Left to right: alfalfa, mature wheat ready to be harvested, soybeans ready to be harvested

County farmers witness good growing season

Hello all!  

We are fast approaching harvest with the 2020 growing season in the books.

Unlike everything else in 2020, the growing season for most of our crops was pretty good relative to the past couple of years. As you drive through the county, you will see many soybean fields starting to turn yellow and a few dropping leaves. The soybean yields this year were looking fantastic until the latter half of August when it really dried out. That was a critical time for soybeans to start taking up water to fill the pods out nicely. We did get a shot of rain at the end of August, and I hope it wasn’t too late. Throughout Gustavus, Farmdale, Kinsman and surrounding areas, white mold is starting to be apparent, and some fields may see a 5% to 10% yield reduction based on my observations. If I had to make an educated guess on yield, I would say we will be around average.

Corn was a little more stressed by the dry weather this year, but during the yield checks I did throughout the county the corn crop doesn’t look too bad considering. Dry weather during June and July led to some pollination issues in the southern half of Trumbull, and that results in ears of corn that don’t have kernels all the way to the end of the ear. I predict the corn yields to be about average or marginally less.

As we wind down our growing year, I hope all of you are able to take a minute to think back on your practices for this year, whether it is a small garden or a large farm. What worked, what didn’t, and what would you change going into 2021? Did you make the right decision on ARC or PLC for your farms? I know COVID-19 changed a lot of markets and that was nearly impossible to predict, but don’t forget that you will have the opportunity to change your selection for 2021. OSU Extension will have more Farm Bill meetings (virtually or hopefully in person) for those that need a refresher on the decision-making tool.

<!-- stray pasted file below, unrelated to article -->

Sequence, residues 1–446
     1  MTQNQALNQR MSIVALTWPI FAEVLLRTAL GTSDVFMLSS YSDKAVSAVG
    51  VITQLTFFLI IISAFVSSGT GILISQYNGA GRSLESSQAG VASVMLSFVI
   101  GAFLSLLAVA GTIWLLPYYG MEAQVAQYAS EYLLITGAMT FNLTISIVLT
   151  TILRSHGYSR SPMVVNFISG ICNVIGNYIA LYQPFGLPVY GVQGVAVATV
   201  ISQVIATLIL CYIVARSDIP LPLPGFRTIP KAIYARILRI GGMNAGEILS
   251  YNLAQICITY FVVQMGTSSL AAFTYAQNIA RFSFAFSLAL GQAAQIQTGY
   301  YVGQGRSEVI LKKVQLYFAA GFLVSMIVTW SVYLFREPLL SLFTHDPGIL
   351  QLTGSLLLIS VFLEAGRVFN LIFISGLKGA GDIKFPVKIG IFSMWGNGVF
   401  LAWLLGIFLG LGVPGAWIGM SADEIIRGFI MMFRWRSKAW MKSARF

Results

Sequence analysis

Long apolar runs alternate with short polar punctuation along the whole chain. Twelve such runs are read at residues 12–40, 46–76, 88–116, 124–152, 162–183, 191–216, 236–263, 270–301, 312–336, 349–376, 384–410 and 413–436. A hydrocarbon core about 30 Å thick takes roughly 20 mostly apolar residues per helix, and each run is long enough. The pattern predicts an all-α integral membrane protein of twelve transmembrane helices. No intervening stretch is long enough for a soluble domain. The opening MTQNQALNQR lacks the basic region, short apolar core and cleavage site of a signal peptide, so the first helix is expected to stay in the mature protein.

This year, we were certainly able to see nutrient deficiencies more clearly due to the dry weather than we have been able to in the past couple of years. Sulfur, potassium and the occasional calcium deficiencies were not too hard to find this year. Some of those were drought related, and some were due to low soil test levels. If you haven’t done so already this year, now is a great time to soil test, or as soon as your harvest is complete. Soil testing is one of the easiest ways to save money on fertilizer, and not to mention that it is good for the environment. If you need a soil test, we sell them at our office, and we can help you interpret your soil tests no matter where you purchase them to help you plan your fertilizer program.

Another practice to reflect on this year was disease prevention. Garden diseases were pretty severe this summer despite the dry weather partly due to damp and humid nights. Downy mildew in particular was bad for cucumbers, squash, pumpkins and other cucurbits. You can identify this by the yellow and green mosaic in the leaves before they turn completely yellow. The best way to prevent this disease is to plant resistant varieties, but speaking from experience, even the most resistant varieties took a hit this year. Timely fungicide applications are needed to prevent this disease, and in controlling downy mildew on cucurbits you will also prevent powdery mildew at the same time.

As always, OSU Extension Trumbull County is still here to serve you during the pandemic. If you have questions about soil testing, plant disease, the farm bill or generally anything about agriculture give us a call. We are working remotely to answer your calls, but our office is open on Monday and Thursday from 8:30 a.m. to 4:30 p.m. if you need to drop off samples, buy soil test kits or say hello. We hope you all stay safe and healthy.

Submitted by Lee Beers, he can be reached by email or phone: 330-638-6738.


OFBF Mission: Working together for Ohio farmers to advance agriculture and strengthen our communities.